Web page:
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COVID-19: How to Manage Your Stress and Anxiety

postpartum issues, stress and anxiety

This pretty much goes without saying, but we are living in very stressful and anxious times right now. Even more so if you have a little bundle of joy at home (or will soon). Bringing home a new baby flips your world on its head as you and your partner navigate what it means to be parents and partners as a party of 2-plus. And if you can’t have friends and family (or your postpartum doula) there to help you, it can get overwhelming pretty fast. Sure, you’ve read all the books, taken all the prenatal classes, even read some new-parenting advice from your favorite mommy blog, but we are in uncharted parenting territory now. Being a new parent in the era of COVID-19 is a challenge all unto itself.

We want you to know that we see you. What you are having to cope with is unlike anything any of the rest us have ever had to do. But we want to help you through it. Being able to manage your stress and anxiety will protect your overall well-being as you heal in your postpartum time, but it will also protect your immunity, your milk supply (if you’re breastfeeding/pumping), your baby, and even your partner. Here are five tips to help bring a little bit of calm to your inner world:


We are in the middle of a pandemic right now. It sucks. I wish I could wave a magic wand and make it all go away. But I can’t. And neither can you. This means we all have to work to accept our new reality because only then can we actually work toward protecting ourselves and our families. But what we can do is do our best to take the proper precautions:

    • Adhere to social distancing rules
    • Do not go out if you don’t have to – and if you do have to go out leave your baby at home, wear a mask, use lots of hand sanitizer, and once you’ve returned home wash your hands and change your clothes before you interact with your baby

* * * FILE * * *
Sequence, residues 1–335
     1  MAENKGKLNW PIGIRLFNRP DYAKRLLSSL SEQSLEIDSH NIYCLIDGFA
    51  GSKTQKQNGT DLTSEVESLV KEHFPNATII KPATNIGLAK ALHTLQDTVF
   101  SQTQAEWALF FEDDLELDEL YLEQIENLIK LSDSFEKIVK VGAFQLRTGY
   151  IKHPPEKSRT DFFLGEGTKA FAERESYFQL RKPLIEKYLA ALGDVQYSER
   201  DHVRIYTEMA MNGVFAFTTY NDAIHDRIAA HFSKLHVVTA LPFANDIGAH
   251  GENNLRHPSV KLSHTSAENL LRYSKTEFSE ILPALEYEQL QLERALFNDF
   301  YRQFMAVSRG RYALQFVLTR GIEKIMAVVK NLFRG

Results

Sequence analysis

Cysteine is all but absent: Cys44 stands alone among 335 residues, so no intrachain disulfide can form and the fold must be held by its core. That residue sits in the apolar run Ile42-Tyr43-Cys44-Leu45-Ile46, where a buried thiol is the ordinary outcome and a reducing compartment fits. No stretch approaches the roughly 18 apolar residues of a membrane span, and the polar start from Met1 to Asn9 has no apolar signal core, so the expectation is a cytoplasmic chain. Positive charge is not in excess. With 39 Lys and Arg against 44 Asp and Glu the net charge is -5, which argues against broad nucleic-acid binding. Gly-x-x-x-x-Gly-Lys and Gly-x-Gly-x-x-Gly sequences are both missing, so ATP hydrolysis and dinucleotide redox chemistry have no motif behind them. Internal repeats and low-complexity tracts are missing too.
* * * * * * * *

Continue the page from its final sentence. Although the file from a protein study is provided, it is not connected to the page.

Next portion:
• Wash your hands, wash your hands, wash your hands

It is also important to remember that you cannot control how other people experience their stress and anxiety. So, if you are quarantined at home with your partner, you may notice that you handle yourselves very differently. Try to be patient, hold space for one another’s fears, and listen without trying to solve. Communicate, communicate, communicate. 


This technique is particularly helpful if you are experiencing anxiety or panic. The goal of grounding is to pull you out of your head (the place where panic lives) and settle you back into your body (the place where calm lives). To practice grounding, all you need to do is stimulate your five senses:

WBC how to manage your stress and anxiety

    • Watch something relaxing (might I suggest watching Bob Ross paint some “happy little bushes?”)
    • Smell something calming (essential oils like lavender, clary sage or ylang-ylang in an electric diffuser are especially effective)
    • Touch something reassuring (running your hands through water or snuggling with a pet can be very helpful)
    • Listen to something serene (there are a lot of great “noise machine” apps out there that mimic the sound of the ocean or a gentle rainfall)
    • Drink something soothing (lemon balm and chamomile tea are great for this)

Now, these are just a few suggestions, only you know what will help ground you. I will also advise that you create your list of grounding exercises before you begin to experience anxiety or panic. That way you’ll have it at the ready and can face it head-on. 

*If you do have a panic attack, do your best to remind yourself that you are safe and take long, slow, deep belly breaths. If they become frequent, I would highly suggest reaching out to your healthcare provider.